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Prognostic immune-related gene models for breast cancer: a pooled analysis

Authors Zhao J, Wang Y, Lao Z, Liang S, Hou J, Yu Y, Yao H, You N, Chen K

Received 14 June 2017

Accepted for publication 3 August 2017

Published 11 September 2017 Volume 2017:10 Pages 4423—4433

DOI https://doi.org/10.2147/OTT.S144015

Checked for plagiarism Yes

Review by Single-blind

Peer reviewers approved by Dr Amy Norman

Peer reviewer comments 2

Editor who approved publication: Dr Yao Dai

Jianli Zhao,1,2,* Ying Wang,1,2,* Zengding Lao,3,* Siting Liang,3 Jingyi Hou,4 Yunfang Yu,1,2 Herui Yao,1,2 Na You,3 Kai Chen1,2

1Breast Tumor Center, Sun Yat-sen Memorial Hospital, Sun Yat-sen University, Guangzhou, China; 2Guangdong Provincial Key Laboratory of Malignant Tumor Epigenetics and Gene Regulation, Sun Yat-Sen Memorial Hospital, Sun Yat-Sen University, Guangzhou, China; 3School of Mathematics, Sun Yat-Sen University, Guangzhou, China; 4Department of Orthopedics, Sun Yat-Sen Memorial Hospital, Sun Yat-Sen University, Guangzhou, China

*These authors contributed equally to this work


Abstract: Breast cancer, the most common cancer among women, is a clinically and biologically heterogeneous disease. Numerous prognostic tools have been proposed, including gene signatures. Unlike proliferation-related prognostic gene signatures, many immune-related gene signatures have emerged as principal biology-driven predictors of breast cancer. Diverse statistical methods and data sets were used for building these immune-related prognostic models, making it difficult to compare or use them in clinically meaningful ways. This study evaluated successfully published immune-related prognostic gene signatures through systematic validations of publicly available data sets. Eight prognostic models that were built upon immune-related gene signatures were evaluated. The performances of these models were compared and ranked in ten publicly available data sets, comprising a total of 2,449 breast cancer cases. Predictive accuracies were measured as concordance indices (C-indices). All tests of statistical significance were two-sided. Immune-related gene models performed better in estrogen receptor-negative (ER-) and lymph node-positive (LN+) breast cancer subtypes. The three top-ranked ER- breast cancer models achieved overall C-indices of 0.62–0.63. Two models predicted better than chance for ER+ breast cancer, with C-indices of 0.53 and 0.59, respectively. For LN+ breast cancer, four models showed predictive advantage, with C-indices between 0.56 and 0.61. Predicted prognostic values were positively correlated with ER status when evaluated using univariate analyses in most of the models under investigation. Multivariate analyses indicated that prognostic values of the three models were independent of known clinical prognostic factors. Collectively, these analyses provided a comprehensive evaluation of immune-related prognostic gene signatures. By synthesizing C-indices in multiple independent data sets, immune-related gene signatures were ranked for ER+, ER-, LN+, and LN- breast cancer subtypes. Taken together, these data showed that immune-related gene signatures have good prognostic values in breast cancer, especially for ER- and LN+ tumors.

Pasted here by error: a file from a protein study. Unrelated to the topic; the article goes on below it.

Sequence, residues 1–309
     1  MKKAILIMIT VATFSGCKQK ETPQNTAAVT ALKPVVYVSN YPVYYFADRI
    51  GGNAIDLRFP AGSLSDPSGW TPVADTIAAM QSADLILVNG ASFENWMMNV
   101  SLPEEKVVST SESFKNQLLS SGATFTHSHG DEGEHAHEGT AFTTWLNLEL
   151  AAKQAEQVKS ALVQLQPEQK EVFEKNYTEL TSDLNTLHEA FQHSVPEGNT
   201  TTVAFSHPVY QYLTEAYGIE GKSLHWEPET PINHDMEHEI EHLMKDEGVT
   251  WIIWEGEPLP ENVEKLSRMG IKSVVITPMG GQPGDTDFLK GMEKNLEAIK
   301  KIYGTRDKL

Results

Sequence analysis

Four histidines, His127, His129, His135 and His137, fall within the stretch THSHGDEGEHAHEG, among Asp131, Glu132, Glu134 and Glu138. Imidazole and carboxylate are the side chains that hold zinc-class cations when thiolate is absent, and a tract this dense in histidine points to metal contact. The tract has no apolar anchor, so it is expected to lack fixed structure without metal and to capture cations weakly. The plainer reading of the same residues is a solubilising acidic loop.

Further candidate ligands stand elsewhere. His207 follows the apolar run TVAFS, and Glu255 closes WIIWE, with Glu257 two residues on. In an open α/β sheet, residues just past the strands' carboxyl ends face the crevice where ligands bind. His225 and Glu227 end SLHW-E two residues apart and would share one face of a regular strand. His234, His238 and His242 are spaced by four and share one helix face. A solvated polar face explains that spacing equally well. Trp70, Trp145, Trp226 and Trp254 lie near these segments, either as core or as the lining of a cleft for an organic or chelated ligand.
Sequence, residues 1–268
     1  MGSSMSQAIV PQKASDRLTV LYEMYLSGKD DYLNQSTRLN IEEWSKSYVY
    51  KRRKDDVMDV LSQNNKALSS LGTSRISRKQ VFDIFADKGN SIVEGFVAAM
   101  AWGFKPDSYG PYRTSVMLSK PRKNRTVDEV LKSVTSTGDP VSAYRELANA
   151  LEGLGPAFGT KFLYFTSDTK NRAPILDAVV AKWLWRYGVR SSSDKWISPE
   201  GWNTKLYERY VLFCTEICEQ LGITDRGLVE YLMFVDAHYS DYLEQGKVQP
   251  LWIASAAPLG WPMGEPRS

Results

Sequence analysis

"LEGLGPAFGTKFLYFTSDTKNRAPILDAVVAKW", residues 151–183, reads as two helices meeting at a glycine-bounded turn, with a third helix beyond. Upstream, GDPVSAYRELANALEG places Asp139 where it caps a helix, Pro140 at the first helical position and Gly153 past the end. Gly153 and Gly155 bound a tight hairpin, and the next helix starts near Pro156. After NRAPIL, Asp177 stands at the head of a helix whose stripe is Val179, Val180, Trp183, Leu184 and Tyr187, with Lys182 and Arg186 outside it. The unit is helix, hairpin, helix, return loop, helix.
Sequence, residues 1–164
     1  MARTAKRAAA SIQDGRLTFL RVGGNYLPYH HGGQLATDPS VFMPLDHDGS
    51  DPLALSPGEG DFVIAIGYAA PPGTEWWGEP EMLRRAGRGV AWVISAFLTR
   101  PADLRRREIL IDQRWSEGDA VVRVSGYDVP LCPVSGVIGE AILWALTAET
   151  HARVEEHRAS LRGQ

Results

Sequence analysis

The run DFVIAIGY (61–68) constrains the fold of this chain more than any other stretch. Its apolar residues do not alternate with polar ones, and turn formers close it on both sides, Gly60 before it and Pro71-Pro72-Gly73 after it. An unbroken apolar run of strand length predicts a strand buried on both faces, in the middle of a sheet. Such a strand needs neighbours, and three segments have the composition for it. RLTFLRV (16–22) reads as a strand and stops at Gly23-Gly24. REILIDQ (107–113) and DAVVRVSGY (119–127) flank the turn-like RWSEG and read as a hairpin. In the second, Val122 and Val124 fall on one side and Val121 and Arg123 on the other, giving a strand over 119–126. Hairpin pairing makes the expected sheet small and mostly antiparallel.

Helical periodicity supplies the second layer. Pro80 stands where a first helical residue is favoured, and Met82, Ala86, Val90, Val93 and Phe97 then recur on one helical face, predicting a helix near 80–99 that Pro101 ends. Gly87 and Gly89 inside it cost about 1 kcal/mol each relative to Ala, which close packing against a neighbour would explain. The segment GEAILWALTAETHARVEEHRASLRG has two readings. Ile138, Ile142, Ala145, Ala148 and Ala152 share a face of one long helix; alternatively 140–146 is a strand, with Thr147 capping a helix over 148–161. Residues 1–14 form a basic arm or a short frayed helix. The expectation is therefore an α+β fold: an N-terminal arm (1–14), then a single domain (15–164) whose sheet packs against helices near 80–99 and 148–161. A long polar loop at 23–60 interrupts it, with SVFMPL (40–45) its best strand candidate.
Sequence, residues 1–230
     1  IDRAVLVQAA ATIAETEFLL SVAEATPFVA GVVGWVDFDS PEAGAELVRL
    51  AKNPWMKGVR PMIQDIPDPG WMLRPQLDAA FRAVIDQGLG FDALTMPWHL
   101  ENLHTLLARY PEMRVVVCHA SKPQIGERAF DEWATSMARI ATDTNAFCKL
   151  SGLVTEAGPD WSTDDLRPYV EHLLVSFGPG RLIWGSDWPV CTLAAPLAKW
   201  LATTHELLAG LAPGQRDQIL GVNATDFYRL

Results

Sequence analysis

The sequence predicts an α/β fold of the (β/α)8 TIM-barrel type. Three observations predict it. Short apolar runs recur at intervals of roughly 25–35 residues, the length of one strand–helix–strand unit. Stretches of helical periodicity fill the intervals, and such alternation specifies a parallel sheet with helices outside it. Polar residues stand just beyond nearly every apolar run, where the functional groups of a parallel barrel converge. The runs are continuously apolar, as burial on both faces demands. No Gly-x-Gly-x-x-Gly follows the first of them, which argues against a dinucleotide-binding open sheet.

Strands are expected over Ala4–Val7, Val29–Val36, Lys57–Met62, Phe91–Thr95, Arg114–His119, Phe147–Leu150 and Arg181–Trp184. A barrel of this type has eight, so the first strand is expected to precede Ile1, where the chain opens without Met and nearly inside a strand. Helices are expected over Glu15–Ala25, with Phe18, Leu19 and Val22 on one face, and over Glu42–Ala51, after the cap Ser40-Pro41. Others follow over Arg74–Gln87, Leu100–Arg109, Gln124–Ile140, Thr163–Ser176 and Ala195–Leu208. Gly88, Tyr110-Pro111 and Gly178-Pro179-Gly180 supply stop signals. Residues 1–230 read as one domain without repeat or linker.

Keywords: breast cancer, prognostic models, immune-related gene

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